Much of our contemporary predicament in higher education stems, then, from the progressive abandonment of those traditional intellectual, moral, and spiritual foundations that once provided the university with both the rationale for its institutional existence and the conceptual framework within which its fundamental purpose could be articulated and coherently defended. The steady erosion of the traditional intellectual and moral foundations of the university over the last century and a half has occurred, not surprisingly, as a direct consequence of the rise to prominence of two powerful ideologies:  modernism and postmodernism. These ideologies not only seek to eradicate more traditional—or what might be loosely called “pre-modern”—understandings of the nature and meaning of education but are equally hostilely opposed to one another, at both their most basic conceptual level and at the level of practice.

As these two movements have begun to exert a greater and greater influence on thinking in the academy, and subsequently, thinking in the larger cultural and political spheres, much of what were once taken to be the foundational virtues and to constitute the institutional telos of the university have increasingly become the object of open scorn. Prior generations’ understanding of the essence of higher education as a process of “soul-craft,” the formation of virtuous character through the accumulation of knowledge, in concert with the cultivation of wisdom as a result of sustained, disciplined pursuit of “the good, the true, and the beautiful,” has steadily faded as a serious concern of educational or cultural consideration. Ultimately, Davis observes, “Pursuing truth, knowledge, and virtue still sound like perfectly laudable pursuits, but they are not the first things—or even the second things—that define the life of the university.”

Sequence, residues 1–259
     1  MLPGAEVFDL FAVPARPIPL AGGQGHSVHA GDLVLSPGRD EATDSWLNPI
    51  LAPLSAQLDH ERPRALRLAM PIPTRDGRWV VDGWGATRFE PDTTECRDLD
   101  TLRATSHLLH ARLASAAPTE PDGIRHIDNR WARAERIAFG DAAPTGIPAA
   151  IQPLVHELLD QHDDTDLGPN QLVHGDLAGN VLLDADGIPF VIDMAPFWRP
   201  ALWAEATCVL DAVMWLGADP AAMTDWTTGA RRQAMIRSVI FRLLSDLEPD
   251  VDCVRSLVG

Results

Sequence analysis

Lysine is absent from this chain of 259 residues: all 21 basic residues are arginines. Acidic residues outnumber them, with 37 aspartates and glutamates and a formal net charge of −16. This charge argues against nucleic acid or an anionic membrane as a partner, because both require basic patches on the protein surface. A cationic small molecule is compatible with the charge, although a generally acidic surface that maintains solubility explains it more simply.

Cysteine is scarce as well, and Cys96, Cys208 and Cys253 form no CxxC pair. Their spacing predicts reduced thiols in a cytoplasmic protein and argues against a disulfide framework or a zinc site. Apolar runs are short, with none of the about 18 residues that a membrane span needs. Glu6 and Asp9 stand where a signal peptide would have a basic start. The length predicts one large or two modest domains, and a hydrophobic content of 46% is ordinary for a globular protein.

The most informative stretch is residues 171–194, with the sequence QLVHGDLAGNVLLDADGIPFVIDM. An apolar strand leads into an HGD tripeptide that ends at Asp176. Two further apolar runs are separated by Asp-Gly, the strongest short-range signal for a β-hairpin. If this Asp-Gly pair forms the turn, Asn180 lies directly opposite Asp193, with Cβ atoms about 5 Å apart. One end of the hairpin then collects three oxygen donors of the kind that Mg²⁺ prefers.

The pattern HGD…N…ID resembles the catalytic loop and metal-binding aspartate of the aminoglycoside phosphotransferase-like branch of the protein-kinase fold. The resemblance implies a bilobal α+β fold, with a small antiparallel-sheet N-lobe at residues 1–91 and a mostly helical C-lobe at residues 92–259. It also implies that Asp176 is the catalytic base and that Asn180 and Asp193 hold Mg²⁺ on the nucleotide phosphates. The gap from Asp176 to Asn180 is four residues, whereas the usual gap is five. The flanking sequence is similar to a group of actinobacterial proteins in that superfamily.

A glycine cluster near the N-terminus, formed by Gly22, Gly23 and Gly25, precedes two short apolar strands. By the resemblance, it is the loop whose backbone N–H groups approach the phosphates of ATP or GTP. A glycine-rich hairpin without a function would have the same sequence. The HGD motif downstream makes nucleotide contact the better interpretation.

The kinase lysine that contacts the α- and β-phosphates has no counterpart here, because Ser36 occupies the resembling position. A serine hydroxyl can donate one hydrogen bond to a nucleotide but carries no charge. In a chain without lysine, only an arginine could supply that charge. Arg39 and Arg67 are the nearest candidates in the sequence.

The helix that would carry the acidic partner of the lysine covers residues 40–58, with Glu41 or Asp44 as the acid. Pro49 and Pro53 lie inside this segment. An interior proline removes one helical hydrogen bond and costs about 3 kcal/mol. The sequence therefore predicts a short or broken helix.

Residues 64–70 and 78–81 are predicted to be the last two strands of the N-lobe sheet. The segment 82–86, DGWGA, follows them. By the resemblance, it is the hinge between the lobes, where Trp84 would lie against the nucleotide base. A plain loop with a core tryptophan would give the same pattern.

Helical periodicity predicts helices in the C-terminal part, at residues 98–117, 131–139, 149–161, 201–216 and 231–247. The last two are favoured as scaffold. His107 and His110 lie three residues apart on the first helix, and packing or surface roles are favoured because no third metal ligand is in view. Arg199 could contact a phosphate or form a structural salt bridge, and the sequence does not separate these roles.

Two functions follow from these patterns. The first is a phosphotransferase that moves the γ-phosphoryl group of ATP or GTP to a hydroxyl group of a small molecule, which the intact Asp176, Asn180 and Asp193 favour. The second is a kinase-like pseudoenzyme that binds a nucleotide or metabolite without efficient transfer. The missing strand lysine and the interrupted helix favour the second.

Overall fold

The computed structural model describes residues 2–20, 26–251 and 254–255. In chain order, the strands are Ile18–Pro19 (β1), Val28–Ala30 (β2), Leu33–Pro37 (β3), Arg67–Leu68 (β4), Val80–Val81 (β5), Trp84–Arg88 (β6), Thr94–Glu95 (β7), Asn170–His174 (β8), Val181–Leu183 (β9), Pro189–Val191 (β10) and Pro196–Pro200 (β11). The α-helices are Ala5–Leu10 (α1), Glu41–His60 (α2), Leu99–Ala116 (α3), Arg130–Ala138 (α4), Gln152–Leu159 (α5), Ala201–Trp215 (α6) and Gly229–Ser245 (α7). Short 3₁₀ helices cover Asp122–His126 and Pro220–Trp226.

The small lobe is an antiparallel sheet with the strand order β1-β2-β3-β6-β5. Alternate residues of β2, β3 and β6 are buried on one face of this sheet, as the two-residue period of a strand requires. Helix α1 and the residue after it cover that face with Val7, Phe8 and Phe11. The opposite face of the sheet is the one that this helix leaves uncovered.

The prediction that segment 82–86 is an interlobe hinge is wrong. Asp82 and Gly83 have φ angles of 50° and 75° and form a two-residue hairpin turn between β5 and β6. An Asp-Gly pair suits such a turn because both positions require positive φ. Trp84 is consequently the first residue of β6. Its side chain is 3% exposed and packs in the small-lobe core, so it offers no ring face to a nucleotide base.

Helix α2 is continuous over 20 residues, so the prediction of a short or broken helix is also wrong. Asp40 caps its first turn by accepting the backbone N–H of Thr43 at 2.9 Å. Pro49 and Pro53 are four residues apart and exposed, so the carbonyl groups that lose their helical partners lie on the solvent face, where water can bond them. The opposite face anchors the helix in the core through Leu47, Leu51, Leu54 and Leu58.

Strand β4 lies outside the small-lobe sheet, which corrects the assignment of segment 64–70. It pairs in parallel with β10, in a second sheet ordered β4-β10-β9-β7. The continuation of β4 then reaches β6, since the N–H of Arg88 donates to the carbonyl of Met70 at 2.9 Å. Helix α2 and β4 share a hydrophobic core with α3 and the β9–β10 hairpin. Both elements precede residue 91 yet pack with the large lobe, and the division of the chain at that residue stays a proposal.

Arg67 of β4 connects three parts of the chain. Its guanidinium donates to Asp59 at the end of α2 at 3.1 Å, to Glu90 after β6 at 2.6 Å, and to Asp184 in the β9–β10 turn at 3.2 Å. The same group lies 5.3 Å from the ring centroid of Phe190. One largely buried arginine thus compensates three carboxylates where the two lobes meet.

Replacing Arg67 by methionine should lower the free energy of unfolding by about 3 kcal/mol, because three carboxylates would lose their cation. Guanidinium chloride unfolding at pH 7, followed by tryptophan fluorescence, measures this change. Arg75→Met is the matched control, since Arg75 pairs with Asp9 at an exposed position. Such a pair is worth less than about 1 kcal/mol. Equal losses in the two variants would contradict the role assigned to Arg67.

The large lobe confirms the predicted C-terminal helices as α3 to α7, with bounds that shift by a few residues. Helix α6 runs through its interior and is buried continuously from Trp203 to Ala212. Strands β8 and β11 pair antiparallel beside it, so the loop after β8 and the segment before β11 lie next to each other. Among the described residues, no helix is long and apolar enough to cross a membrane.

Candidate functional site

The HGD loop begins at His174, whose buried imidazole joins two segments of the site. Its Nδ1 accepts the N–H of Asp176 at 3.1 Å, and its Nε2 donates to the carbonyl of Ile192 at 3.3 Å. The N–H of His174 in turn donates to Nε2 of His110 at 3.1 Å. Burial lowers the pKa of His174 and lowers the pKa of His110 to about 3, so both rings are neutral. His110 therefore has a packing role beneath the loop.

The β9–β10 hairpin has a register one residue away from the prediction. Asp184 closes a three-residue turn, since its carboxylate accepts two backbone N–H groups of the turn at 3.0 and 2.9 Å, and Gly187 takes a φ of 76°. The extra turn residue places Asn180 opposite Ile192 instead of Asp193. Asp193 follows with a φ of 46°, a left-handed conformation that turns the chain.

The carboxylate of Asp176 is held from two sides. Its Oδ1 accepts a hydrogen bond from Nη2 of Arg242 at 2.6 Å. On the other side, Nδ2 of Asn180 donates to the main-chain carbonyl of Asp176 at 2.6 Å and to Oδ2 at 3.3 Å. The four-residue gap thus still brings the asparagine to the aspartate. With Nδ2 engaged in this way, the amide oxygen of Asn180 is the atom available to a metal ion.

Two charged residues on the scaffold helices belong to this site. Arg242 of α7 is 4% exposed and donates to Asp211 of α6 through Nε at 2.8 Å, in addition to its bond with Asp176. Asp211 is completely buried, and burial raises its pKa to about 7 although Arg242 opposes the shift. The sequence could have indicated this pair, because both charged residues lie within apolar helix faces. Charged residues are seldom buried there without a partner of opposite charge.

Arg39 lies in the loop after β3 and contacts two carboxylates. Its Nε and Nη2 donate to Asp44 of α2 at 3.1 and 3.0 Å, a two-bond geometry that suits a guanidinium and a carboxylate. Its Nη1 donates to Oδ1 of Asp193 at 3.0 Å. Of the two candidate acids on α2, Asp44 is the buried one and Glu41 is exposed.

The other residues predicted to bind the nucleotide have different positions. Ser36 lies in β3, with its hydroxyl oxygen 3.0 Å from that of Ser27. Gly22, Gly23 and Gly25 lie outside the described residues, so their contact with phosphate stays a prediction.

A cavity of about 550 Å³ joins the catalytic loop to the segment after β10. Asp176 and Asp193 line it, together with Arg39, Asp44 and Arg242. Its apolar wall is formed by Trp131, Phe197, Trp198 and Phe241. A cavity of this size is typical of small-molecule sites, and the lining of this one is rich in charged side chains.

What were once taken to be foundational values have become the object of open scorn.

This is the first in a series of articles that will examine the basic presuppositions and aims of both modern and postmodern perspectives—broadly conceived—regarding the meaning and purpose of higher education. In addition to presenting each in contrast to the other, I will explore what I take to be central flaws intrinsic to both of these movements—flaws which, despite their clear differences, both movements share and which ultimately render them both inadequate—indeed, inimical—to the task of providing the necessary intellectual or moral foundation for achieving the true educational aims of the university.

In particular, I will argue that because both the modern and the postmodern approaches conceptualize the purpose of higher education primarily in terms of the pursuit of power rather than the pursuit of truth and, concomitantly, deny the possibility of genuine human freedom, each encourages a nihilistic worldview that, if embraced, ultimately signals the ruin of the university as a meaningful institution. In conclusion, by way of alternative, I will briefly sketch out the broad outlines of a perspective in which higher education is seen to be, first and foremost, and across all disciplines, about the business of seeking truth, becoming good, and attending to the beautiful.

In this endeavor, I will argue that psychology, though currently largely beholden to both modernist and postmodernist thinking and methods, has a significant role to play in defending those richer and more vibrant conceptions of human personhood and freedom necessary for achieving these more worthy (and, indeed, more human) aims of and for higher education in our world today.

About the author

Edwin E. Gantt

Edwin E. Gantt is a Professor of Psychology at Brigham Young University. He is the author of numerous scholarly articles and books, including Taking Sides: Clashing Views on Psychological Issues and Who is Truth? Reframing Our Questions for a Richer Faith (co-authored with Dr. Jeffrey L. Thayne). He has a Ph.D. from Duquesne University.